Shahla: Man, it’s crazy hot here.
Peter: Yeah, and I can’t see any shade, just sugarcane fields.
Shahla: What I wouldn’t do for the shade of a big mango tree right now.
Peter: You’re right! Where are all the trees? I bet this place used to be a forest.
Shahla: No doubt it was clear-cut to make way for the world’s sugar addiction. Do you want another candy?
Peter: Very funny, but I can’t help but feel somewhat responsible for the disappearance of yet another healthy ecosystem.
Shahla: Don’t stress out about it too much. We don’t overindulge and that’s the best thing that anyone can do. Besides, the fault lies with the people manipulating the free market for greater profits.
Peter: I’ve heard of entire crops being burned just to regulate prices. Crops that would have been vital to areas in need.
Shahla: It’s not only that; the monoculture farming practises that they use are extremely harmful to the environment. Micro-ecosystems are destroyed that keep the area in a delicate and healthy balance and the crops are more susceptible to destruction by pests.
Peter: I guess if the land is going to be cleared of its natural flora then a system of crop diversification is a better alternative to the monoculture one. A few trees here and there would be nice too.
Shahla: I’m tired. This heat is really wearing me out. Let’s look for a camp spot to spend the night.
On a dirt track between sugarcane fields a small tent is set up close to one side. Two loaded bikes are parked beside the tent. Peter and Shahla are sitting on the other side of the tent drinking a tereré watching the sunset over the field.
The sound of a large tractor begins and gets louder. Dust is blown onto the stage at which Peter and Shahla cover their faces. The dust disappears and the tractor sound fades.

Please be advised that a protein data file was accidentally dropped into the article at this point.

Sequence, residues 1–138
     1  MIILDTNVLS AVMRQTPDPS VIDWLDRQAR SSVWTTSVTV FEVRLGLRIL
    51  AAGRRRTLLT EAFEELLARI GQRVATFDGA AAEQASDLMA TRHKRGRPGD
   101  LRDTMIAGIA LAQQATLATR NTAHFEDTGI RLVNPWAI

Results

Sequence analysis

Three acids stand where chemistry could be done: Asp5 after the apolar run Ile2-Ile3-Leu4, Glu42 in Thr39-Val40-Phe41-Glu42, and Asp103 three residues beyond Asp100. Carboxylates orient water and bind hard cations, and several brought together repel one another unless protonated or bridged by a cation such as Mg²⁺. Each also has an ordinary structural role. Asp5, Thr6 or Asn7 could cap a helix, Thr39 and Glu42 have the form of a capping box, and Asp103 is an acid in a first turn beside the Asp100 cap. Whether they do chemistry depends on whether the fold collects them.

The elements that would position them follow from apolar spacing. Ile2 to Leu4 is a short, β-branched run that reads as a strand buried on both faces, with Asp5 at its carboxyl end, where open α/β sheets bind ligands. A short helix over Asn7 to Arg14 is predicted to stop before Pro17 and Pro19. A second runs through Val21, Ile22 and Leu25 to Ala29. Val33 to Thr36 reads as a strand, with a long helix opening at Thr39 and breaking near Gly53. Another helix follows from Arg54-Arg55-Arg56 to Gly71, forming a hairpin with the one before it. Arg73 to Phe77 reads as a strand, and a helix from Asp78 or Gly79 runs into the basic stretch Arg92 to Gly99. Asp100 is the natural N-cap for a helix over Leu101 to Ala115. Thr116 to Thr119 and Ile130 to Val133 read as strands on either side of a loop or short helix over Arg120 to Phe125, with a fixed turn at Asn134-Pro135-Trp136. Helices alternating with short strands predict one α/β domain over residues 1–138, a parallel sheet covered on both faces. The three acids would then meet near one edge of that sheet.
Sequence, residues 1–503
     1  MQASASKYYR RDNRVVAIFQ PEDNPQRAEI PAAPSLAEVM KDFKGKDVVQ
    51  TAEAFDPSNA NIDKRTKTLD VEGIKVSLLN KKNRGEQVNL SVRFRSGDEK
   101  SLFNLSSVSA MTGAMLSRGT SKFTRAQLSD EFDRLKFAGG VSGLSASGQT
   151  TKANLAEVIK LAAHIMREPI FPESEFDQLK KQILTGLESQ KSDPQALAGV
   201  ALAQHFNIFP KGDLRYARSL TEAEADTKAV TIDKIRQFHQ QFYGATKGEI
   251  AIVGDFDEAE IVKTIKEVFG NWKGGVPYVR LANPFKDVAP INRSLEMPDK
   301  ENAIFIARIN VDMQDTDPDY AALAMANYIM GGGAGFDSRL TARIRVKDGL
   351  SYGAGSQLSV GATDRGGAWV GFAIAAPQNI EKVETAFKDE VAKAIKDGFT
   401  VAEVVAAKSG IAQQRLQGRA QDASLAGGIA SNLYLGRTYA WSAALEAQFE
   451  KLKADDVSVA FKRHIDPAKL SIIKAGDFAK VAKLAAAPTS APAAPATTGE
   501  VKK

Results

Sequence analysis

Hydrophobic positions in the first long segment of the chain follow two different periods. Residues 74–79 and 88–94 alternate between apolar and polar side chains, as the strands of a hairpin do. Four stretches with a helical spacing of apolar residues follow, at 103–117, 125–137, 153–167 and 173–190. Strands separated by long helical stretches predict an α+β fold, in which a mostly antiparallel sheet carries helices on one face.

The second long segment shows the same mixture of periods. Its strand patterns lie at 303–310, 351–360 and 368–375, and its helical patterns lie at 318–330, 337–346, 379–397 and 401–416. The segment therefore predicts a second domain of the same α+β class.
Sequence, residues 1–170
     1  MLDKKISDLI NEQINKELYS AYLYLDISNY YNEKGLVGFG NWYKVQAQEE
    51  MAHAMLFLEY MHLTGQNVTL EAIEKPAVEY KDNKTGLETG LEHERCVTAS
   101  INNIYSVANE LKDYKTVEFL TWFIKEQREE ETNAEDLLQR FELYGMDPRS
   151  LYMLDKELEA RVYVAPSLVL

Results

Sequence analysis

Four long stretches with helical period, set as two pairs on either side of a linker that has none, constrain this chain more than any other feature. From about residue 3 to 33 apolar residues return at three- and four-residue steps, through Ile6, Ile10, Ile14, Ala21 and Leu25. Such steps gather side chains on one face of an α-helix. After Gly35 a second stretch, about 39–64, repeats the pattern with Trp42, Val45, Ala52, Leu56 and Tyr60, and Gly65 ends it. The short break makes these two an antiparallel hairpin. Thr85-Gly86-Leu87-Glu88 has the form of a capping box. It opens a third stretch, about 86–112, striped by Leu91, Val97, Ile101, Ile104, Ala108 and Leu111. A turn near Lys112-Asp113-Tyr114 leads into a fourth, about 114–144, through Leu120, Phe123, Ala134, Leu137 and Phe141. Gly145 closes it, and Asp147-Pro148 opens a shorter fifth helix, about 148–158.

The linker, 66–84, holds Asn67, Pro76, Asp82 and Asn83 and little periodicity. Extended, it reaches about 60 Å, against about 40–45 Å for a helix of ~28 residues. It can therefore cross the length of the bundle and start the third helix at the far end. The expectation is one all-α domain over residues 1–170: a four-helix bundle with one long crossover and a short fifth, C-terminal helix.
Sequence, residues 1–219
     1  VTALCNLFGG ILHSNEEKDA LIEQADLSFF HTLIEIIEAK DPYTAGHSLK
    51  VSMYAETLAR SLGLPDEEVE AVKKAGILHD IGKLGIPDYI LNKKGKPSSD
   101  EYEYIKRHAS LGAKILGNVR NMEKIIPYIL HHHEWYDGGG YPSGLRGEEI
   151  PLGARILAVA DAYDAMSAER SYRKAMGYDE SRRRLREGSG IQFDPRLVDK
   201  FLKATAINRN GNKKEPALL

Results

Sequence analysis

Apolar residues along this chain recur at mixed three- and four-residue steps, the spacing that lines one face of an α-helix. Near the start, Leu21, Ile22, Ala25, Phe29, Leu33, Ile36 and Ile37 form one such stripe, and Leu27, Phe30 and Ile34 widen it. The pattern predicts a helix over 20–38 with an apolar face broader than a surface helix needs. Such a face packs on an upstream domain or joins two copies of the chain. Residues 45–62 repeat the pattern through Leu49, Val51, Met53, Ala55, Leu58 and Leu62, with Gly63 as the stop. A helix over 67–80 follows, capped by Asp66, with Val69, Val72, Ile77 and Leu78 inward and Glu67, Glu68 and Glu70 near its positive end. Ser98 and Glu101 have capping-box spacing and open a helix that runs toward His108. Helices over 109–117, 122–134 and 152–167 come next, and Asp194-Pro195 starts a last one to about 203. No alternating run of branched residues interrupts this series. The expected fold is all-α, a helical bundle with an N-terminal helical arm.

The sound of a car motor begins and gets louder and then stops and the sound of a car door opening and closing is heard.
Shahla: Someone is getting out of that car and it looks like he’s coming over to us. Maybe this is his land.
Peter: Oh good, we can ask his permission to camp here and maybe get some information about the area.
Peter and Shahla stand up as a man approaches from the direction of the dust.
Shahla: Good evening sir. My name is Shahla and this is my husband, Peter. We’re from Canada and are traveling on bicycle. We stopped here hoping to camp for the night.
Peter pours water from a small cooler into a cup with a metal straw in it and offers it to the man.
Peter: Would you like a tereré?
Man: Thank you, I would like a tereré. This is my land and we’re in the middle of the harvest right now. We’re also stopping for the night now so feel free to camp here. We’ll be starting again in the morning though.
Peter: Thanks a lot. We won’t be in your way tomorrow. We start early on the road here because it gets so hot once the sun is out.
Shahla: We were wondering where all the sugarcane goes after harvest.
Man: My crop is being sold to the bio-fuel industry. I’ve had a good year and the harvest looks plentiful.